By the way, lanting house isn’t just a place to live. There are also other functions like lanting for bathroom, jamban (toilet with a hole directly into the river), laundries, mosques, hotels, karaoke places, stores, schools, food stalls, gas station, markets, and many more.
Mention any basic need in civilization, we would find a lanting serve for it. Well, if you remember Kevin Costner’s movie, Waterworld (1995), some places in South and Central Borneo are pretty like that.
Unfortunately, rumah lanting is getting rare
No matter how exotic living on the water world, human is a land creature. They tend to live on land. The condition on the ground itself is relatively stable. Land houses are more practical to build and to maintain, compare to lanting houses.
One of the hassles of dwelling lanting is to respond to the tidal river. When the river is receding, we have to push it to the middle of river, so the house doesn’t straddle on river banks, which causes the floor tilted. When the water level has increased, we have to make sure the rope tethers strongly, so it doesn’t sail away.
Troublesome, isn’t it?
Not to mention that it’s getting harder to get woods as material for building lanting house, and difficulty of life outside of the fishing profession. In addition, the the Local Government is organizing the areas, including some lanting complex that used to be unorganized and slummy.
Lanting houses are getting difficult to find. I think, it’s not impossible that someday this traditional house will only exist in the history books and articles like this.
Or, the contrary, lanting could be a prototype of the future houses. Considering the global warming effect: the sea level tends to raise, and we all are about to sink.
Did you know, you can improve your English while go traveling. Visit Pare. It is known as Kampung Inggris (English Village). At least, two of its villages, i.e. Tulungrejo and Pelem Village, are dominated by English learning activities. They hold English courses intensively day and night. From days to months. It’s not merely formal classes. The students sometimes travel out to some tourism site, go around with bicycles, play some games, and finally sleep in dormitory. However, they have to speak English all the time. Yes, that’s English camp’s rule!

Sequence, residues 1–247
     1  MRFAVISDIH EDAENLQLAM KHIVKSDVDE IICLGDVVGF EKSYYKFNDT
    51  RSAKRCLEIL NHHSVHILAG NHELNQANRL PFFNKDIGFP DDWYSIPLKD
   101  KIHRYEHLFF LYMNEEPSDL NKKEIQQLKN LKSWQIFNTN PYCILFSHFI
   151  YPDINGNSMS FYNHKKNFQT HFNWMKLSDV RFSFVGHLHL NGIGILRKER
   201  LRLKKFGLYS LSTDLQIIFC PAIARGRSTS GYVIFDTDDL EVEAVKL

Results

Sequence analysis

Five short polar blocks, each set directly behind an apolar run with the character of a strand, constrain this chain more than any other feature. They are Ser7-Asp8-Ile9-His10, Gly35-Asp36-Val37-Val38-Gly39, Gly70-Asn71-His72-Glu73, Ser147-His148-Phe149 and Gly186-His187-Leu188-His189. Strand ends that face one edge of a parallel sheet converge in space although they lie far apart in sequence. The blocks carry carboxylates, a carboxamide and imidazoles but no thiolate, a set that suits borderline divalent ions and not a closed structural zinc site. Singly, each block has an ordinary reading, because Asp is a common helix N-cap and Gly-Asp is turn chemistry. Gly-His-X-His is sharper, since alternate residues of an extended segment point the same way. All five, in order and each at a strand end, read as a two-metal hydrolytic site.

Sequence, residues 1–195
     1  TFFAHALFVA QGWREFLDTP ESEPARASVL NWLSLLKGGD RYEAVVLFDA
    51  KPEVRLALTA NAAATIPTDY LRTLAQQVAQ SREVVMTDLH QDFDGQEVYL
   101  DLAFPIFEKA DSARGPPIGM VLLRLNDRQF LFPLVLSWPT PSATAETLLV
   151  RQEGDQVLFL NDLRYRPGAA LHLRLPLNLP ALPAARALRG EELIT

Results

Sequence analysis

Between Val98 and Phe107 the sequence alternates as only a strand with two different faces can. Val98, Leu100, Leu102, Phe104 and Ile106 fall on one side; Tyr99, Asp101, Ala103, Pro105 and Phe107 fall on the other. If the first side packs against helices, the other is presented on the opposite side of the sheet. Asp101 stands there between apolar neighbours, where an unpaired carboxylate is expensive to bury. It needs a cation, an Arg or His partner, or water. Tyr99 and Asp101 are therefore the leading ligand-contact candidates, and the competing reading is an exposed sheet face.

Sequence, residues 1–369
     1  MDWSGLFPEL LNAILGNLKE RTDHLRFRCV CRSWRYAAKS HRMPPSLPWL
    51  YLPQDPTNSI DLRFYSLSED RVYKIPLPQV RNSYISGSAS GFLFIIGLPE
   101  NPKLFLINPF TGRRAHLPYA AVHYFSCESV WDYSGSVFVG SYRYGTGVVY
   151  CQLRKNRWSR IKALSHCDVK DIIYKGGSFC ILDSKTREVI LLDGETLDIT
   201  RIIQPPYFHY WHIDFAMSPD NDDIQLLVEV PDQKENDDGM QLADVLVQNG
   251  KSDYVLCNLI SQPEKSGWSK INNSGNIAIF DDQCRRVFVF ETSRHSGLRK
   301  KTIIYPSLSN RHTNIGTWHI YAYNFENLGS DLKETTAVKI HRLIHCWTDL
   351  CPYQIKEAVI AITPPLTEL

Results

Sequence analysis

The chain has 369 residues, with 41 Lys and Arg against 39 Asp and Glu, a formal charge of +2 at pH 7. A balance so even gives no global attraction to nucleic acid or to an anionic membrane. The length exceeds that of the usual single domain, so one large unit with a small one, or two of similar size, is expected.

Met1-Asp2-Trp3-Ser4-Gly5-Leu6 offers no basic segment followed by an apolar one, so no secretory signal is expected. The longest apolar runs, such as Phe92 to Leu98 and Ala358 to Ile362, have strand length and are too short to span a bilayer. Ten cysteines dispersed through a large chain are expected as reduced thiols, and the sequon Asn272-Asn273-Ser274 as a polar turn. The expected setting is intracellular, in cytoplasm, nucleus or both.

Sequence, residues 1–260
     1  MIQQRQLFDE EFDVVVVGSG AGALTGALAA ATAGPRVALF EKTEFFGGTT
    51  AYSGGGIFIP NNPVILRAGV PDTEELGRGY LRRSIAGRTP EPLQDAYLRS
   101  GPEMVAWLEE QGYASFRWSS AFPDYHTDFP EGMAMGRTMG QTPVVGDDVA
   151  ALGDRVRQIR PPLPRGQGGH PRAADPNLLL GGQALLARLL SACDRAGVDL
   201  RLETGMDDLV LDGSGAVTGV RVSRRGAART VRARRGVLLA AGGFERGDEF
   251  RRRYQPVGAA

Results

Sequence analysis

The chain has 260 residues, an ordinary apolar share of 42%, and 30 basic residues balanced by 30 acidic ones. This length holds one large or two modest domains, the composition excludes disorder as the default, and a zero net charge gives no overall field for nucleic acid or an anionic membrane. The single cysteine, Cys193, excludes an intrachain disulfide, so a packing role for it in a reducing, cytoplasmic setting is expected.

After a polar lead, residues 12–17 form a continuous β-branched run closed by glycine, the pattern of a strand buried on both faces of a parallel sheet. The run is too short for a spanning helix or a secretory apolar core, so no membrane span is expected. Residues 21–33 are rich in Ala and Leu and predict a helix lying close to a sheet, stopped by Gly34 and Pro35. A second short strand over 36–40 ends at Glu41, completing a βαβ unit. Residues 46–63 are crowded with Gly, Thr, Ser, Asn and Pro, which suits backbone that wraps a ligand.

But of course, the program is not for native English speakers. There is no Caucasian here. The man who started this kampong development even is “just” an Indonesian.
Back in 1976, a young man named Kalend Osen wanted to learn some subjects from Hajj Ahmad Yazid in Pelem Village, Pare. Mr. Yazid was a polyglot. The young Kalend then stayed as a student in Mr. Yazid’s pesantren (Islamic boarding school). One day, two university students from IAIN Sunan Ampel Surabaya came to learn English for their exam. Because Mr. Yazid wasn’t there, his wife then asked Kalend to teach them. Hence, Kalend gave them short course for five days. Done. They went home.
In about a month, they returned to tell Kalend that they had passed the English exam. It was a good news! Kalend got more confidence to teach English. So, in 1977, he officially launched the BEC (Basic English Course). Kalend adopted pesantren method in his curriculum. It was successful method. That’s why, many of his students then ran their own English Course with the same success recipe: everyday learning (reading, writing, listening, speaking) from the morning until the night, in a conducive ambiance.
The new students keep on coming, from Surabaya, Jogjakarta, Jakarta, Bogor, even outside Java. And the number of the course institutions continually grows as well. Currently, there are more than 100 institutions in Pare alone.
Mostly, the houses in Pelem and Tulungrejo Villages are dedicated for the course activities, including the classes, guest houses or dormitories for students, book stores, etc. Luckily, The fees for the course and dormitory is super cheap. That’s why we call this place “kampung”. The living cost here is always lower than cities like Malang, Gresik or Surabaya. FYI, Pare is a district in Kediri Regency, East Java Province. It’s located at the bottom of Mount Kelud’s slopes. About 30 minutes land trip from Kediri, and about two hours land trip from Surabaya City.
And by the way, in Kampung Inggris, there are also course for other languages, such as Arabic, Korean, Japanese, Chinese, etc. Interesting, isn’t it? [photo from Kompasiana]
Written by Moch. Yusuf, The Course Coordinator for Kampung Inggris. You may like his other articles about Kediri: